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August 2014
California's Likely Voters
  • Voter registration has grown since 2010, but it is down for both of the major parties.
    At the close of registration for the June 2014 primary election, 17.7 million of California’s 24.2 million eligible adults were registered to vote. Since 2010, the last gubernatorial primary year, the share of eligible adults who are registered has grown from 72.4% to 73.3%. The share of voters registered with the Democratic Party (43.4%) is down slightly from 44.5% in 2010, as is the share registered with the Republican Party (30.8% to 28.4%). The percentage of voters without a party preference is up from 20.2% in 2010 to 21.2%.
  • Likely voters, infrequent voters, and unregistered adults lean Democratic and are ideologically mixed.
    Among likely voters in our surveys, 44% are Democrats, 32% are Republicans, and 19% are independents (also known as decline-to-state or no party preference). Of those we consider infrequent voters, 44% are Democrats, 30% are independents, 22% are Republicans, and 5% are registered with other parties. Among independent likely voters, 40% lean toward the Democratic Party, compared to 29% who lean toward the Republican Party and 31% who volunteer that they lean toward neither major party or are unsure. Among unregistered adults, 47% lean toward the Democratic Party and 21% toward the Republican Party; 32% lean toward neither party or are unsure. Ideologically, 34% of likely voters are politically liberal, 29% are moderate, and 38% are conservative. Identical shares of infrequent voters consider themselves conservative, moderate, or liberal (33% each). Unregistered adults are also ideologically mixed: 35% are conservative, 33% are liberal, and 32% are moderate.
  • Likely voters are disproportionately white.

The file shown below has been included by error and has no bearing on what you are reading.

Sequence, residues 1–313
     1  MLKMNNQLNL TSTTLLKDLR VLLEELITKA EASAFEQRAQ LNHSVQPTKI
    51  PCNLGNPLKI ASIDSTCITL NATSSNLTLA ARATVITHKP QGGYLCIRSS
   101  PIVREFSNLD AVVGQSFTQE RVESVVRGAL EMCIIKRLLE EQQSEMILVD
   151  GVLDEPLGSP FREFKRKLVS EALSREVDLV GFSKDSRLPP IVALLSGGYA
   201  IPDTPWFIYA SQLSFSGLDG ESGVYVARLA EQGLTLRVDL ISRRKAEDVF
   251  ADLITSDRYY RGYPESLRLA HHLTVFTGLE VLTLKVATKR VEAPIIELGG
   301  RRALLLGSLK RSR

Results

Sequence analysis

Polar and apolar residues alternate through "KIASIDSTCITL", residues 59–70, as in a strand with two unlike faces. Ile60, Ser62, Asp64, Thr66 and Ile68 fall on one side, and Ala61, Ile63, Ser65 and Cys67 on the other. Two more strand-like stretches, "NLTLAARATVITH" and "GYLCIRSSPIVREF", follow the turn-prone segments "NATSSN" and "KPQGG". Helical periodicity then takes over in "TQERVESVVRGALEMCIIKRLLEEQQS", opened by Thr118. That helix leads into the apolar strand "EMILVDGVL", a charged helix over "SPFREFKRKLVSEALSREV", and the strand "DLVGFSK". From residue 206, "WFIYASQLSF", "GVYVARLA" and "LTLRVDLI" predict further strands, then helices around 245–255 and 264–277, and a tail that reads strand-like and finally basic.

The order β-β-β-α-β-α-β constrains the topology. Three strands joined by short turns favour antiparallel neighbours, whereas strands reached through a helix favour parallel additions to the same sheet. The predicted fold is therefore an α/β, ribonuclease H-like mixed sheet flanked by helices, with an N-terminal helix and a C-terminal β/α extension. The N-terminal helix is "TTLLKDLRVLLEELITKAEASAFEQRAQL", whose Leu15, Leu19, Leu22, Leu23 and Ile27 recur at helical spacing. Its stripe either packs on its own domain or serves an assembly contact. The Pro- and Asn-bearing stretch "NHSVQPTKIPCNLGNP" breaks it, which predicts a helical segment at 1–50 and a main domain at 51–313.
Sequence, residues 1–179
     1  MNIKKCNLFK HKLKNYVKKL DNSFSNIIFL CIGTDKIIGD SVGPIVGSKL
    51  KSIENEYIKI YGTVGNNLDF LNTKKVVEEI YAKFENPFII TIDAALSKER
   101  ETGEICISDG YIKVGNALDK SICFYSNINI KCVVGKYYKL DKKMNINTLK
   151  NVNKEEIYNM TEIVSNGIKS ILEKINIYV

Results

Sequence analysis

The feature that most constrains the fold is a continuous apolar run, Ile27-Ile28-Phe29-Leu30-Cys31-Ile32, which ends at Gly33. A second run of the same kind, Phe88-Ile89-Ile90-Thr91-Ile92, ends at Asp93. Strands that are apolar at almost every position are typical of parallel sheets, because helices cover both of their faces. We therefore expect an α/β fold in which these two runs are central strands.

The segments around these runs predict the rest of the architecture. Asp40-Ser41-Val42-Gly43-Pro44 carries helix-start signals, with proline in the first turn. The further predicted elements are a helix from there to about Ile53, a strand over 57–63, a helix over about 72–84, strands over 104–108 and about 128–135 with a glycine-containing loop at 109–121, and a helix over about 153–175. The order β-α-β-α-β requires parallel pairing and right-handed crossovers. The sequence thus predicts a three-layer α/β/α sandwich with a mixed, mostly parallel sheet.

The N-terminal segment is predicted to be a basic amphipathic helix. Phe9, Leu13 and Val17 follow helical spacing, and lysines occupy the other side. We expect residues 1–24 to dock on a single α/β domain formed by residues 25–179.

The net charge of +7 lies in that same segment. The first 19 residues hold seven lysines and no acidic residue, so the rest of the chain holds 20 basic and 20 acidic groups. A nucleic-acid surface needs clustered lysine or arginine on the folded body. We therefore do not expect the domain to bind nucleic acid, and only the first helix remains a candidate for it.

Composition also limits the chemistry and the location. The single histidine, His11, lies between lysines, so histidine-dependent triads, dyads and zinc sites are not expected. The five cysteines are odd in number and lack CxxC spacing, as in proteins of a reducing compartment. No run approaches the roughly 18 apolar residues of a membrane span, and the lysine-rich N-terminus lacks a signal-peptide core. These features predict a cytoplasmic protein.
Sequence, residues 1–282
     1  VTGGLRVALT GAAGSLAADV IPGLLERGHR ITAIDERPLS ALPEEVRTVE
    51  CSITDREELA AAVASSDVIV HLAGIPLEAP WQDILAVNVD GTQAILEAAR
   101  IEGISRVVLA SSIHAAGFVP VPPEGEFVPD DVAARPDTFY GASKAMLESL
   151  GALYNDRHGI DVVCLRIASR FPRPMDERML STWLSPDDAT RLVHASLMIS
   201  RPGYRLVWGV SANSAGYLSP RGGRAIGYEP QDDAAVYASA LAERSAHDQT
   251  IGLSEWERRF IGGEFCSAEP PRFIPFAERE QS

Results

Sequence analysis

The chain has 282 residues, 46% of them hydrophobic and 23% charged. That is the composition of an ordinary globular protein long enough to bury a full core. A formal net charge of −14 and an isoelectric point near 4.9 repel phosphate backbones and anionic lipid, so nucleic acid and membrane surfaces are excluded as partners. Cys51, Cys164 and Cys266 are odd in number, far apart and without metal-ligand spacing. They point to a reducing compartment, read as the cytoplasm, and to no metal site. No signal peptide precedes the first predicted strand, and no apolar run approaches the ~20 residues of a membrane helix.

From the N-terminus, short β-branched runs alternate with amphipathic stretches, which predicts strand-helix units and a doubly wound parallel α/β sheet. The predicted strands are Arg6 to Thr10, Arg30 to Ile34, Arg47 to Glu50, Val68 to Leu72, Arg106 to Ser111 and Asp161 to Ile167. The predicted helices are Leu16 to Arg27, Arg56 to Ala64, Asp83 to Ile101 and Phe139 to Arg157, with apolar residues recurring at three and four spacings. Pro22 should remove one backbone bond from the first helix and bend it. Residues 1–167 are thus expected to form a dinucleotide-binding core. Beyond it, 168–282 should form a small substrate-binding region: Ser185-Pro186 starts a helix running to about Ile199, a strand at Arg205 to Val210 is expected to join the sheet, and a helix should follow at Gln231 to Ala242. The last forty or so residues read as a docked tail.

Whites make up only 44% of California’s adult population but represent 62% of the state’s likely voters. In contrast, Latinos comprise 34% of the adult population but just 17% of likely voters. Asians make up 14% of the population and 11% of likely voters, while blacks comprise 6% of both the population and likely voters, and "other race” and multiracial adults make up 3% of both the population and likely voters. More than a third (37%) of infrequent voters are white, and 31% are Latino. Sixty percent of unregistered adults are Latino; fewer are white (23%), Asian (13%), or black (3%).
  • The regional distribution of likely voters echoes that of the state’s adult population distribution.
    The share of likely voters in each region mirrors the region’s share of the state’s overall adult population: Los Angeles County (27% of adults, 25% of likely voters), the San Francisco Bay Area (20% of adults, 22% of likely voters), Orange/San Diego Counties (17% of adults, 18% of likely voters), Central Valley (17% of adults, 16% of likely voters), Inland Empire (11% of adults, 9% of likely voters). The largest shares of infrequent voters (30%) and unregistered adults (27%) live in Los Angeles County.
  • Likely voters are older, more educated, more affluent; they are homeowners and born in the U.S.
    Californians age 55 and older represent 31% of the state’s adult population but constitute 45% of likely voters. Young adults (18 to 34) make up 32% of the population but only 18% of likely voters, while adults ages 35 to 54 are proportionally represented. Among likely voters, 41% are college graduates and 41% have at least some college education; 18% have no college education. Forty-one percent of likely voters have annual household incomes of $80,000 or more, while 30% earn between $40,000 to under $80,000 and 29% earn $40,000 or less. The vast majority (72%) of likely voters are homeowners (28% are renters). In contrast, 67% of unregistered adults and 63% of infrequent voters are renters. Eighty-three percent of likely voters were born in the U.S. (17% are immigrants). Women (51%) and men (49%) make up similar shares of the likely voters in California.


Sources: Seven PPIC Statewide Surveys from September 2013 to July 2014, including 7,525 likely voters, 2,292 infrequent voters, and 2,007 unregistered adults. California Secretary of State, Report of Registration, February 2014. U.S. Census, 2010–12 American Community Survey.